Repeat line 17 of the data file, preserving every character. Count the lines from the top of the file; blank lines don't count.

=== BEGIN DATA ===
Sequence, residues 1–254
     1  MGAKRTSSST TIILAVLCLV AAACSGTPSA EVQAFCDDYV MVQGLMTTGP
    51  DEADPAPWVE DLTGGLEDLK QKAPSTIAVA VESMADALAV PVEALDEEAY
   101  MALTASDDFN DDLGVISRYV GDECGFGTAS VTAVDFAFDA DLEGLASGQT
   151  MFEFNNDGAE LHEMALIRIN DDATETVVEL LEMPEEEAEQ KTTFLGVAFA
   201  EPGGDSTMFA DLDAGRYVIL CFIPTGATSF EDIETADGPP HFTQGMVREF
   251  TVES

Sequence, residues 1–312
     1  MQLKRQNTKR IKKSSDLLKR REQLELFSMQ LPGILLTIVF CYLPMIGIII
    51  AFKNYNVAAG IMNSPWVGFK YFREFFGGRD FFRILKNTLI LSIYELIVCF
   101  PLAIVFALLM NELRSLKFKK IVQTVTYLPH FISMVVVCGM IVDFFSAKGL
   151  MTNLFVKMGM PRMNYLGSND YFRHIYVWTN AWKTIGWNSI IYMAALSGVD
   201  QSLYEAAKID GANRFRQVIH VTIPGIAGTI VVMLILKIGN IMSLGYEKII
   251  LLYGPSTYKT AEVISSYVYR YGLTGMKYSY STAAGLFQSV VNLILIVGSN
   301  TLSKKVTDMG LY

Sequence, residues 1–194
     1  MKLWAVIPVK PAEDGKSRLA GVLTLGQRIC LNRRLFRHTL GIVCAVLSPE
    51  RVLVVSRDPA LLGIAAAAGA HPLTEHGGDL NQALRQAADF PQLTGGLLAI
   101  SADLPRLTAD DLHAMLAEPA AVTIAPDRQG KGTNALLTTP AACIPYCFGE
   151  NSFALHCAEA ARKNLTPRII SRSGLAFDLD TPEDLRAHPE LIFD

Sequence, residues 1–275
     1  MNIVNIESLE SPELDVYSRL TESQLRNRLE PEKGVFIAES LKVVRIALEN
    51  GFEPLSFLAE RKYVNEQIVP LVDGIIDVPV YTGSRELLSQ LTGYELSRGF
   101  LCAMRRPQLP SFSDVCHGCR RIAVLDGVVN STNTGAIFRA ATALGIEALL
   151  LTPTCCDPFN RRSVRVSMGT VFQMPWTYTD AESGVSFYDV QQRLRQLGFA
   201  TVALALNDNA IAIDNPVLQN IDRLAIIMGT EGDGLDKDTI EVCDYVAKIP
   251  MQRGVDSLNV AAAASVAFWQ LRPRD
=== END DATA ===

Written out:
     1  MKLWAVIPVK PAEDGKSRLA GVLTLGQRIC LNRRLFRHTL GIVCAVLSPE